It’s vacation season. Millions of us are hitting the highways, to visit relatives, or Disney World or exploring the two-lane roads. The automobile is an American icon, a symbol of our freedom. From Duncan Hines to the A.A.A., travel guides have helped vacationers and business travelers on their journeys. For some Americans, though, mainstream publications were not very helpful.
African-Americans on the road found challenges in finding a bed for the night or a decent meal or a rest room. Jim Crow was enforced by law or by custom in many areas. Some cities had Sunset Laws, prohibiting non-whites from being in town after dark.
Victor Hugo Green first published his travel guide in 1936. The Negro Motorist Green Book listed businesses that welcomed black patrons. Green, a veteran of World War I, a New York City mail carrier and later a travel agent, published his book “to give the Negro traveler information that will keep him from running into difficulties, embarrassments and to make his trip more enjoyable.” Green’s book initially focused on the New York area. Subsequent editions, with the help of correspondents and readers, expanded the territory, eventually covering the U.S. and parts of Canada, Mexico, the Caribbean and Bermuda.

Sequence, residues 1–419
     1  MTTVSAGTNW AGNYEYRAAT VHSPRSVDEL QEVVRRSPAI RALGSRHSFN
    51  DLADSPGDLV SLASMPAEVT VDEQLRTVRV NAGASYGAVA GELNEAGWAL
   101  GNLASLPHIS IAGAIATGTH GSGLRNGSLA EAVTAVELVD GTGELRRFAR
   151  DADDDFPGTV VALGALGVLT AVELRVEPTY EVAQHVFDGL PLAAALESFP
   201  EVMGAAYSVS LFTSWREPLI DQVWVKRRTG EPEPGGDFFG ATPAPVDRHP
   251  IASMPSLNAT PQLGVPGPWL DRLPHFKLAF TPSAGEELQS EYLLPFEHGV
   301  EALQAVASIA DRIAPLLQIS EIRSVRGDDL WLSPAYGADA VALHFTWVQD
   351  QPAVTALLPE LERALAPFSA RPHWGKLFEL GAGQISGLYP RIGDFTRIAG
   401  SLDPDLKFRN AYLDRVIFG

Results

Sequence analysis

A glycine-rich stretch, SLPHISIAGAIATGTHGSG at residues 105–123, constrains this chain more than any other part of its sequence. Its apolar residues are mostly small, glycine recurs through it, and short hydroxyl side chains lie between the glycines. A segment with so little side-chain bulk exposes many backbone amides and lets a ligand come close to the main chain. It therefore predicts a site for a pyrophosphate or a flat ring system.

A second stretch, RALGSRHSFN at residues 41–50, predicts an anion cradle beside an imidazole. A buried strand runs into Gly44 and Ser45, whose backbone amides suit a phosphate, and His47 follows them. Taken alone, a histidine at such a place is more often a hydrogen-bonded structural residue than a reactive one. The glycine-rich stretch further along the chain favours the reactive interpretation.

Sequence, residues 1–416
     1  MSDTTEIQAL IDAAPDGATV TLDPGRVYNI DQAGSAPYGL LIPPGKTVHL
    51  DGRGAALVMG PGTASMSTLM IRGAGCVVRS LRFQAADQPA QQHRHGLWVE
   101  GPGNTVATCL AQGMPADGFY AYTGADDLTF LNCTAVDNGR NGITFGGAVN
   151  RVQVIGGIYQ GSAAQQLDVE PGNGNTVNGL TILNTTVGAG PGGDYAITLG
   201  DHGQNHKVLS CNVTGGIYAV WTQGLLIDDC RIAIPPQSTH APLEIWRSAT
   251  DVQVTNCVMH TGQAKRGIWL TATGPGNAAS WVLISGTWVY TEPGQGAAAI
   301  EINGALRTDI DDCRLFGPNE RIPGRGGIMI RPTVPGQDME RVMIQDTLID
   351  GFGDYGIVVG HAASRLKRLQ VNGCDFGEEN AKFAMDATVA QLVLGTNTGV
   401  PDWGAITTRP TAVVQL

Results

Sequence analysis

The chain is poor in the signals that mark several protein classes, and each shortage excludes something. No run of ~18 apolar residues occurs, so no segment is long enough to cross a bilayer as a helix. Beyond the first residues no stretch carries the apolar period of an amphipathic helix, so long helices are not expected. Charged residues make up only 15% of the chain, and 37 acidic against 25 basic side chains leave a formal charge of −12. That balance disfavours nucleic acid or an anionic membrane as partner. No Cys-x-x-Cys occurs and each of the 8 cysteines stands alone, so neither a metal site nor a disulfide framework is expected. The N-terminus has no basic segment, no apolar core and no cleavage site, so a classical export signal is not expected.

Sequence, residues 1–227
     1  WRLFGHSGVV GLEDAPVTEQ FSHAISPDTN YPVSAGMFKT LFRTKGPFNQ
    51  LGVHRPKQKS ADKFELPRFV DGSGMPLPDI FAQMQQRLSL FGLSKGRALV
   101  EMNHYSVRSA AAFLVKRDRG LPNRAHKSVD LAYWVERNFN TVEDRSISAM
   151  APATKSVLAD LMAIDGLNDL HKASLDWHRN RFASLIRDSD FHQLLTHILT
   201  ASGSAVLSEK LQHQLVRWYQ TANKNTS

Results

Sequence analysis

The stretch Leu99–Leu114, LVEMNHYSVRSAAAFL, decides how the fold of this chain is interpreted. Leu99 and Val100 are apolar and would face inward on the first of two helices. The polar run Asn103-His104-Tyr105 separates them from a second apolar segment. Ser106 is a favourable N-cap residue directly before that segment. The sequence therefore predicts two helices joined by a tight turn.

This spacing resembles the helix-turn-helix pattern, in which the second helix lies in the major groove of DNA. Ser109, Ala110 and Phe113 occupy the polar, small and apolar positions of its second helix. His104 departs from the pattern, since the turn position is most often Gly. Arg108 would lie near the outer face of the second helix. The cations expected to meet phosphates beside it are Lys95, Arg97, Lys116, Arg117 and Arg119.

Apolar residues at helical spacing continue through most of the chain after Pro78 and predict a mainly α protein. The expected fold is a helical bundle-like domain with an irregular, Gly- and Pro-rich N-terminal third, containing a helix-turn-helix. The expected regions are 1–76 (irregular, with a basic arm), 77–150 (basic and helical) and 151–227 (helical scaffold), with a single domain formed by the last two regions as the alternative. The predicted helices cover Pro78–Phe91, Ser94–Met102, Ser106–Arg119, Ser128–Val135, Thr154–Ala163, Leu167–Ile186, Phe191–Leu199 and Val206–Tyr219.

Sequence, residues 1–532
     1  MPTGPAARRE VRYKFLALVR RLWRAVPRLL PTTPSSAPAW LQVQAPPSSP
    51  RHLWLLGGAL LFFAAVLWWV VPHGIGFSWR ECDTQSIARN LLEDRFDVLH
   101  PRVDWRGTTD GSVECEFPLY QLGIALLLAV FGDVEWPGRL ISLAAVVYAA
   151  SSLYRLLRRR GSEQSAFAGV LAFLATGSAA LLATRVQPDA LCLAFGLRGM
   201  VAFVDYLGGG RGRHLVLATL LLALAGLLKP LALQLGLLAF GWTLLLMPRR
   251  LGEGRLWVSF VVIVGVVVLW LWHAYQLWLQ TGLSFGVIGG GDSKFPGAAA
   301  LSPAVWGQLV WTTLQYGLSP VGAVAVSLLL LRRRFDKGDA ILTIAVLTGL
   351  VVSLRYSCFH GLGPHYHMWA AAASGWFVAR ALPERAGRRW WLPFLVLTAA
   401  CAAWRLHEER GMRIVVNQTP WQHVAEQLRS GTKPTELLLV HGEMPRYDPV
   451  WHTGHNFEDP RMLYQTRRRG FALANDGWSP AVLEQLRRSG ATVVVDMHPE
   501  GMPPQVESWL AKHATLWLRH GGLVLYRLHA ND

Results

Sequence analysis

The Civil Rights Act of 1964 outlawed segregation and discrimination in public accommodations and lessened the need for the “Green Book.” It ceased publishing in 1967.
You can view a pdf version of the 1949 edition of The Negro Motorist Green Book here.